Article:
Clinical outcomes in people with type 2 diabetes before and after attending DESMOND and primary care providers’ experiences of referring patients to DESMOND
Authors: Rachel Bourke , Ciara Heverin, Sean F Dinneen, Máire O’Donnell
Abstract Background: DESMOND is an evidence-based structured group education programme which aims to prepare people with type 2 diabetes for a lifetime of self-management by motivating and sustaining them to engage in behaviour change. It has been delivered in Co Galway since 2007 with 1500 people having completed the programme. Little is known about the effectiveness of DESMOND on clinical outcomes (e.g. HbA1c, lipids) in an Irish setting. Although primary care providers refer their patients to DESMOND little is known of what primary care providers’ knowledge and experiences of DESMOND are.Aim: To compare clinical outcomes in people before and after attending DESMOND and to explore primary care providers’ experiences of referring people to DESMOND and their knowledge of and attitudes towards DESMOND. Methods: Clinical data (e.g. HbA1c, weight) was collected from 100 consenting participants prior to and 3 – 6 months after attending DESMOND during the time period September 2015-February 2016. Differences in clinical outcomes were measured using a paired sample two-tailed t test with a level of significance of 0.05.Semi-structured interviews were conducted with 3 GPs and 6 practice nurses to explore their experiences of referring people to DESMOND and analysed using a thematic approach.Results: The mean age of participants was 61 years and 51% were male. For participants with clinical data at both baseline and follow up at 3- 6 months, there was a statistically significant improvement in HbA1c, total Cholesterol, LDL, Triglycerides and blood pressure.GPs/Practice nurses reported that attendance at DESMOND was generally good and they perceived that attendees self-managed their condition better following attendance. The most common barriers to attendance identified by primary care providers included transport and the time commitment involved. GPs and practice nurses said that feedback from people who attended DESMOND was generally positive. More communication on DESMOND dates, more community venues, more information for primary care providers on what DESMOND covers and patient information leaflets were identified as ways that the DESMOND team could support GP practices in promoting DESMOND.Discussion: DESMOND attendees have improved clinical outcomes and primary care providers perceive that attendees are better at self-managing their diabetes following attendance. On-going communication between the DESMOND team and general practice was identified as a way of supporting GP practices to promote DESMOND.Conclusion: People who attend DESMOND have improved clinical outcomes. More effort could be made to promote attendance by on-going communication between the DESMOND team and general practices.Lessons learnt: Primary care providers perceive that more communication between the DESMOND team and primary care would help them promote DESMOND more within their practices.Limitations This was a longitudinal before and after study with no control group so we could not compare clinical outcomes in people who have attended DESMOND with a group that did not. Only a small number of GPs agreed to be interviewed due to the time commitment involved.Future research: Future research on interventions to support general practice in promoting DESMOND to improve access and uptake of DESMOND would be useful.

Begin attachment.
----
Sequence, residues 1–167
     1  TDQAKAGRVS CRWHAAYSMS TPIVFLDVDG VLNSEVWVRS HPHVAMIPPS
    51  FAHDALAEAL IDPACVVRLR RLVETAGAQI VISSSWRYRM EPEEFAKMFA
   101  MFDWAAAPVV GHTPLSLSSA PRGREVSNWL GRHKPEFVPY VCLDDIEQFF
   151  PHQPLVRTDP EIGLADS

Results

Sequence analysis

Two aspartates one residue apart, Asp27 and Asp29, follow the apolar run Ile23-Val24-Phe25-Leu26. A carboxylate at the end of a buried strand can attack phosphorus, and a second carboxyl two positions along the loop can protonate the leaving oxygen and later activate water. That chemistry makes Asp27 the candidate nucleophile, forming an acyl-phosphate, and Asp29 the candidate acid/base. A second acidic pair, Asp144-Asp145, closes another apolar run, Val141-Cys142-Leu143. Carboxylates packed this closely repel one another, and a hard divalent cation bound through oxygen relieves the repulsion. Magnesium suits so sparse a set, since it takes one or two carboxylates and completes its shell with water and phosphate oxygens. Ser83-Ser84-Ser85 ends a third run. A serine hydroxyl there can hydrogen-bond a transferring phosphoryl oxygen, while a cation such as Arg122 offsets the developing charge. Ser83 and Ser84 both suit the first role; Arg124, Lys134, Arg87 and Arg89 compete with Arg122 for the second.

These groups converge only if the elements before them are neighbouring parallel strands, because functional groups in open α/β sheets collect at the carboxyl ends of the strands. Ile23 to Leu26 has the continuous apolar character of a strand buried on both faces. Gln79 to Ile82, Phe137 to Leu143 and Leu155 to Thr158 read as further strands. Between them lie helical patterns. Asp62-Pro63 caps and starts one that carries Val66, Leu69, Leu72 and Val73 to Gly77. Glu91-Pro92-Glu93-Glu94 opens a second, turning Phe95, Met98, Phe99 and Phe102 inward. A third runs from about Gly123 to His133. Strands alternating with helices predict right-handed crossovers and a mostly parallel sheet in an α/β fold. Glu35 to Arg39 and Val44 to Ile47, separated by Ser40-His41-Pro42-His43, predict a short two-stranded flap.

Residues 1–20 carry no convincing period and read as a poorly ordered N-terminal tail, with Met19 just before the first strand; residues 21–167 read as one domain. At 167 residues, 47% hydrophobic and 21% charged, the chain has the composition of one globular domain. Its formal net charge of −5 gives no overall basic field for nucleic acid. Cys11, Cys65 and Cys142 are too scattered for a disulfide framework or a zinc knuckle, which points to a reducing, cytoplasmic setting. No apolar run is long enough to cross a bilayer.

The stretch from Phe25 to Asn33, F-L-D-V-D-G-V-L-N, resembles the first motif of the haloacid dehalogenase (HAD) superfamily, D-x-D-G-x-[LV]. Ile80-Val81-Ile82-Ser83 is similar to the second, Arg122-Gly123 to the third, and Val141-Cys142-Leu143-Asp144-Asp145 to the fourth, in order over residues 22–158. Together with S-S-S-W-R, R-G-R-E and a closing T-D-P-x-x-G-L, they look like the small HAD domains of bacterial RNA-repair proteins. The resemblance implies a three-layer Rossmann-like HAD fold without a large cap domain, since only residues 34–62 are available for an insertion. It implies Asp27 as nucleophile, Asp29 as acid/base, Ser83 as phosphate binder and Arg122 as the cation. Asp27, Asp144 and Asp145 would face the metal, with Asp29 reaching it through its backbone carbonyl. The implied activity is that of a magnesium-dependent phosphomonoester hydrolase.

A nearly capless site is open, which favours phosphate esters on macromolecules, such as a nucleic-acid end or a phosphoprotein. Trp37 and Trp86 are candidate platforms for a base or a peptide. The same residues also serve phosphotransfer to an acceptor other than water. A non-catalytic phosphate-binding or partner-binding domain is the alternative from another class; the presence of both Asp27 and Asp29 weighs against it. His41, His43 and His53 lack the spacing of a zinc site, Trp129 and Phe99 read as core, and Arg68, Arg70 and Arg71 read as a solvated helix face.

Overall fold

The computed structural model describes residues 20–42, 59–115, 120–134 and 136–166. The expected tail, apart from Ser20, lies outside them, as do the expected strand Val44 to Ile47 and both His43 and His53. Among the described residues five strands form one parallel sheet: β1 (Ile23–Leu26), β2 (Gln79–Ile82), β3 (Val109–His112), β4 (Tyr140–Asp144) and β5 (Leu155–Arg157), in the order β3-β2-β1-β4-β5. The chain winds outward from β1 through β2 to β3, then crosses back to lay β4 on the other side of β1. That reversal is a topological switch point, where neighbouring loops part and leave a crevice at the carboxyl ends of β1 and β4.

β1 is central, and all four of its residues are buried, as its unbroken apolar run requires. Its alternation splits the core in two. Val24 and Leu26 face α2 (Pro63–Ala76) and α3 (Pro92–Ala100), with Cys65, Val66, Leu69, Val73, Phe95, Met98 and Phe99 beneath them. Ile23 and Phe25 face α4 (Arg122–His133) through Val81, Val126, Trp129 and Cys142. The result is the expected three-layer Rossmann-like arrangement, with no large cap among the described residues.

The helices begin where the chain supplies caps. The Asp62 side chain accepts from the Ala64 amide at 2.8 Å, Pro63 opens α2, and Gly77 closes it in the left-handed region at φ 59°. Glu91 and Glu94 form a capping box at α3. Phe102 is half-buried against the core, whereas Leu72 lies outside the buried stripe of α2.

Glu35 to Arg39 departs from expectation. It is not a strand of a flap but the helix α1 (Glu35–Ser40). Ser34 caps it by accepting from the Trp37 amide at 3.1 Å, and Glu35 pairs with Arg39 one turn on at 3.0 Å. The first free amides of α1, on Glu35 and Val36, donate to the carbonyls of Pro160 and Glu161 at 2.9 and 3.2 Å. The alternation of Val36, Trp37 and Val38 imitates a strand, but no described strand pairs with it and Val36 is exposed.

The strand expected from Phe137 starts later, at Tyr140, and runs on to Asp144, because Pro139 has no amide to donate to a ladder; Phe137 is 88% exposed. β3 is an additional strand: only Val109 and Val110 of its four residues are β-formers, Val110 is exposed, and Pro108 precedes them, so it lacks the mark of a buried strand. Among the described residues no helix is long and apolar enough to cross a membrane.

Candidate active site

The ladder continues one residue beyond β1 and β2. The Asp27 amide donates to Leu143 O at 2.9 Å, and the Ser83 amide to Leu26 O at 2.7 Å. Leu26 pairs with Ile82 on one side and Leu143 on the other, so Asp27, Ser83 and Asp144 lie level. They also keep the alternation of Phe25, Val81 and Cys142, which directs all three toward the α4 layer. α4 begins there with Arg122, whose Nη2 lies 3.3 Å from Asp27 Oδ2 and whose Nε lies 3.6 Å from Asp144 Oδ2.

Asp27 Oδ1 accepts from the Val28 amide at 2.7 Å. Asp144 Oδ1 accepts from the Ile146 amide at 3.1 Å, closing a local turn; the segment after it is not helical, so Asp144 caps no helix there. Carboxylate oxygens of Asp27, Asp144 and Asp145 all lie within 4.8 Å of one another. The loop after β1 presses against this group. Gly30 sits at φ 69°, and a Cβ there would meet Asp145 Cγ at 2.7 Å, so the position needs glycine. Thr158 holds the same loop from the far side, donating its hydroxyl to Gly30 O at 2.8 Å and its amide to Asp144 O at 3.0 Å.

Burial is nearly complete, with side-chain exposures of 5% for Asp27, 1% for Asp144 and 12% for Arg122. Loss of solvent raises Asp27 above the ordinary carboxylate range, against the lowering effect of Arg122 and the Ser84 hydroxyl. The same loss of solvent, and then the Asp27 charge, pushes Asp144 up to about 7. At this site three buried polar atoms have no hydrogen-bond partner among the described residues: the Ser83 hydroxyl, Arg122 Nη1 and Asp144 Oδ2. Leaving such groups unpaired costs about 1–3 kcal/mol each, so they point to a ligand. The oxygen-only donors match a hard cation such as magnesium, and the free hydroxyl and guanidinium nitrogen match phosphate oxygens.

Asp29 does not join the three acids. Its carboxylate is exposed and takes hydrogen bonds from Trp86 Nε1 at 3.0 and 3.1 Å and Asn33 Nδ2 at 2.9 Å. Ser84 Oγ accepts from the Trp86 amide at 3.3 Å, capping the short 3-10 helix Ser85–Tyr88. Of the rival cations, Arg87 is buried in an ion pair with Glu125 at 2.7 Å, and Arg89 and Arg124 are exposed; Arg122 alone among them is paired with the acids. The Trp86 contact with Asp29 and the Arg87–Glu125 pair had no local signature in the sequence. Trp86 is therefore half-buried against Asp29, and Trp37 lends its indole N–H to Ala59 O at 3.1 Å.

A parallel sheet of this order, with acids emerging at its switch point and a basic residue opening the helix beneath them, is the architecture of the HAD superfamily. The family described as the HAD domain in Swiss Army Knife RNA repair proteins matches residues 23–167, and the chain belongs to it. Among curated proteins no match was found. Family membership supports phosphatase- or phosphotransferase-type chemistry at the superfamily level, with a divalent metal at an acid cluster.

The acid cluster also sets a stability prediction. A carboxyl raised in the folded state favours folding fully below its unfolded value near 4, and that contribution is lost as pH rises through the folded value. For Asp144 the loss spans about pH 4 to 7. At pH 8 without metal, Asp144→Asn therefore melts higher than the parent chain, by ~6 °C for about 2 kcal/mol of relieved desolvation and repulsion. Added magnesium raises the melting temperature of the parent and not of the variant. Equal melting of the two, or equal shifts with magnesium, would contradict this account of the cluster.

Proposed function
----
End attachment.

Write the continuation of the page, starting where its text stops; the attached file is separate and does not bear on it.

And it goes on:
type 2 diabetes, self-management education, empowerment, clinical outcomes, general practice
How to Cite:
Bourke R, Heverin C, Dinneen SF, O’Donnell M. Clinical outcomes in people with type 2 diabetes before and after attending DESMOND and primary care providers’ experiences of referring patients to DESMOND. International Journal of Integrated Care. 2017;17(5):A379.
DOI: http://doi.org/10.5334/ijic.3697Published on 17th October 2017